If I buy something from Apple, I sure as hell don't expect the company who made that thing to get any information on me.

Do you expect that if you bought a Playstation from Wal Mart that they would send it to Sony?

Do you see?

As a matter of fact, NO. You haven't said anything meaningful, and you haven't refuted anything I said. You merely switched some pronouns and decreed you've made a great coup of logic.

You haven't.

Re:21st Century Apple is sooo arrogant! (0)

Anonymous Coward | more than 3 years ago | (#34465156)

You do not get it.

All transactions are between me, and the iTunes store.
The end.
I buy from the iTunes store, not the magazine.

The magazine let's apple sell subscriptions.
The magazine also sells subscriptions.
I bought mine from apple.

It's simple really... (2)

Itesh (1901146) | more than 3 years ago | (#34463942)

We had problems like this at VeriSign, back before PayPal bought out Payment Services. So, what we did is provide access to the data in aggregate so that they could see what the demographics were without revealing the individuals behind the data. If all they are looking for is the ability to sell advertising based on demographics, aggregate data should suffice.

Re:It's simple really... (0)

Anonymous Coward | more than 3 years ago | (#34464536)

They aren't. They want to sell your name and address as someone who has money, has an address, and may have an interest. Even the ones who say, "we won't give out your address" will happily mail adverts on behalf of some other company willing to pay them. Aggregate data is certainly worth something to them, but it isn't what they really want.

Apple is an advertising company (1)

Ryanrule (1657199) | more than 3 years ago | (#34463954)

Apple now sells ads.

bummer (5, Funny)

bigmo (181402) | more than 3 years ago | (#34463982)

I feel so dirty when I agree with Steve Jobs.

Re:bummer (1)

boristdog (133725) | more than 3 years ago | (#34464214)

I also don't like agreeing with Jobs. But as long as consumers still have choices, he can do what he wants.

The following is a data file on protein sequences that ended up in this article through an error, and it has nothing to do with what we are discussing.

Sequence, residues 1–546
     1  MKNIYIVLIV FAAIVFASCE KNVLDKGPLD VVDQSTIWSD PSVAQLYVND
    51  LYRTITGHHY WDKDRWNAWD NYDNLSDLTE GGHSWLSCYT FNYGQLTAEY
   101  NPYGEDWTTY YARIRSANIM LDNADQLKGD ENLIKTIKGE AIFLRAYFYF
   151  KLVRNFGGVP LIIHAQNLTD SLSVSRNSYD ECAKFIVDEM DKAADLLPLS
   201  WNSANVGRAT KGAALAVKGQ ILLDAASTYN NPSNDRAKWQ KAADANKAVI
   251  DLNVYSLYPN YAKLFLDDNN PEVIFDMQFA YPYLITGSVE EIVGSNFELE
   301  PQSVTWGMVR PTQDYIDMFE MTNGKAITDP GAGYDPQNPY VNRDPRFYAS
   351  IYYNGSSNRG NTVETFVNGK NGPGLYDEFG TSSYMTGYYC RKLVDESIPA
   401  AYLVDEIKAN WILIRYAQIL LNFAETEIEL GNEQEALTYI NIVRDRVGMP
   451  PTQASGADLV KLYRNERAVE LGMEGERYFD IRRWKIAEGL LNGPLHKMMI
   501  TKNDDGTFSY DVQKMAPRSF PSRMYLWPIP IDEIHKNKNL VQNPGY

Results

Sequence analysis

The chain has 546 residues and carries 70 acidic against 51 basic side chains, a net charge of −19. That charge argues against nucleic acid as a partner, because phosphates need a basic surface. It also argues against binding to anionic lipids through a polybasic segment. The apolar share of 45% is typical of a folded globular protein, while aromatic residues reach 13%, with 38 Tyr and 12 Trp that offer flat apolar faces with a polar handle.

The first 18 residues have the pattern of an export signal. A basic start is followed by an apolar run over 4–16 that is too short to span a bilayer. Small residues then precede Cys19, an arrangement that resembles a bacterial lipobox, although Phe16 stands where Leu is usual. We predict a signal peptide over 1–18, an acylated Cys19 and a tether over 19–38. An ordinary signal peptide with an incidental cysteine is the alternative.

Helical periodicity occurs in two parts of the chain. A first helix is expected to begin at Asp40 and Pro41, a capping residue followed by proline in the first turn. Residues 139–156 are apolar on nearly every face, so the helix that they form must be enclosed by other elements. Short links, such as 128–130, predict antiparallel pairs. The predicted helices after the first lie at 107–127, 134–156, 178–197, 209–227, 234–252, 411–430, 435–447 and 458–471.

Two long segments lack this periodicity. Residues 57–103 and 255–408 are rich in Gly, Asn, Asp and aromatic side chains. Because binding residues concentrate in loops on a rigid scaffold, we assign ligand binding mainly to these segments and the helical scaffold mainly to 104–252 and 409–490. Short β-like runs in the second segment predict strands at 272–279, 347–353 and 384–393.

I won't do business with Apple, but as long as they don't have a monopoly or near-monopoly they can be dicks to whomever they want, charge whatever they want, put unreasonable restrictions on their own offerings, etc.

Kafka?!? (0)

Anonymous Coward | more than 3 years ago | (#34464010)

Peter Kafka reports ....

So, is Apple in the process of Metamorphosis into an insect like company?

Maybe there should be a trial for these publishers?

Jobs really needs to come down from his Castle!

My advice, don't develop for the iphone. (1)

FictionPimp (712802) | more than 3 years ago | (#34464014)

My advice is to simply not develop for the iphone. If you are not getting what you want, there are plenty of other phone markets to target.

Re:My advice, don't develop for the iphone. (4, Insightful)

Tharsman (1364603) | more than 3 years ago | (#34464316)

You heard the man! If you don't like Apple protecting user data, go to a platform that does not!

Re:My advice, don't develop for the iphone. (1)

Sir_Sri (199544) | more than 3 years ago | (#34464330)

ya. Get it your way on some other platform, and consumers will make the choice if your product is worth being on a particular platform for, if it works out Apple will be forced into an agreement at the risk of losing subscribers to android/WP7. I'm not sure magazines are a killer app for slates, but they might be. I don't own one, and I don't read non technical magazines, so I'm not sure I can comment on how valuable this proposition is to the device sellers.

Re:My advice, don't develop for the iphone. (1)

shutdown -p now (807394) | more than 3 years ago | (#34464470)

Better yet, just make a web app. For a magazine it should in fact be easier!

Re:My advice, don't develop for the iphone. (1)

Locke2005 (849178) | more than 3 years ago | (#34465138)

My advice is, if you can make money developing for the iPhone, go ahead and do it. Sure, it's akin to prostitution in that you need to bend over and scream "Oh, you're so good!" every time Apple demands it, but hey... it's a living! P.S. Don't forget the lube.

Not facebook? (1)

bluefoxlucid (723572) | more than 3 years ago | (#34464018)

What, Apple doesn't want to come under the same fire as Facebook?

Re:Not facebook? (1)

Tharsman (1364603) | more than 3 years ago | (#34464406)

Jobs has been very public about his distaste on personal data sharing.

Re:Not facebook? (1)

kellyb9 (954229) | more than 3 years ago | (#34464538)

What, Apple doesn't want to come under the same fire as Facebook?

Not a good comparison since Facebook's business model is based on the idea that people actually want to share personal information. Apple isn't going to do it because they want to control everything.

Apple gets a cut of subscriptions? (0)

Anonymous Coward | more than 3 years ago | (#34464040)

I know they get a cut of the sale of the magazine app, but they also get a cut of any subscriptions?

Without any hyperbole and trying to remain calm in the face of what seems to be a direct assault on the entire model of computers/computing devices that has been so beneficial to society for the last 30 years, here is what I say to apple: